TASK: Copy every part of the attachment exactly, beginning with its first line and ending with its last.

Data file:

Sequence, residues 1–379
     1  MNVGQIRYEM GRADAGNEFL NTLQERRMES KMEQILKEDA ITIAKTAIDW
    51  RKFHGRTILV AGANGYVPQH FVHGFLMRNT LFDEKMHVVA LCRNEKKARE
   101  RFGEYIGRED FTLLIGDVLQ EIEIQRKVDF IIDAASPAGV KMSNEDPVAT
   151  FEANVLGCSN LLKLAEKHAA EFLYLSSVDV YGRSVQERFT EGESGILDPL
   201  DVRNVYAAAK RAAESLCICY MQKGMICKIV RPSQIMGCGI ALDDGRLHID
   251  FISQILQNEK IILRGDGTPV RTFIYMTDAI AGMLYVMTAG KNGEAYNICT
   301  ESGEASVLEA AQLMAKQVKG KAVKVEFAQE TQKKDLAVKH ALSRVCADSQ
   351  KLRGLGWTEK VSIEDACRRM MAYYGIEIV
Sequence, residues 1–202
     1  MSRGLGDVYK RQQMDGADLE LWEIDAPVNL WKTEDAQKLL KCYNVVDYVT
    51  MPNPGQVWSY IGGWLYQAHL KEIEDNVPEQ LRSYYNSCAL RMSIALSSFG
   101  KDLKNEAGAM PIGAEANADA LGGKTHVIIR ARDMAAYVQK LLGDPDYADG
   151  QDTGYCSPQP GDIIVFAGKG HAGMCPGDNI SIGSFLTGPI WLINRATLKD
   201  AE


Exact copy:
Sequence, residues 1–379
     1  MNVGQIRYEM GRADAGNEFL NTLQERRMES KMEQILKEDA ITIAKTAIDW
    51  RKFHGRTILV AGANGYVPQH FVHGFLMRNT LFDEKMHVVA LCRNEKKARE
   101  RFGEYIGRED FTLLIGDVLQ EIEIQRKVDF IIDAASPAGV KMSNEDPVAT
   151  FEANVLGCSN LLKLAEKHAA EFLYLSSVDV YGRSVQERFT EGESGILDPL
   201  DVRNVYAAAK RAAESLCICY MQKGMICKIV RPSQIMGCGI ALDDGRLHID
   251  FISQILQNEK IILRGDGTPV RTFIYMTDAI AGMLYVMTAG KNGEAYNICT
   301  ESGEASVLEA AQLMAKQVKG KAVKVEFAQE TQKKDLAVKH ALSRVCADSQ
   351  KLRGLGWTEK VSIEDACRRM MAYYGIEIV
Sequence, residues 1–202
     1  MSRGLGDVYK RQQMDGADLE LWEIDAPVNL WKTEDAQKLL KCYNVVDYVT
    51  MPNPGQVWSY IGGWLYQAHL KEIEDNVPEQ LRSYYNSCAL RMSIALSSFG
   101  KDLKNEAGAM PIGAEANADA LGGKTHVIIR ARDMAAYVQK LLGDPDYADG
   151  QDTGYCSPQP GDIIVFAGKG HAGMCPGDNI SIGSFLTGPI WLINRATLKD
   201  AE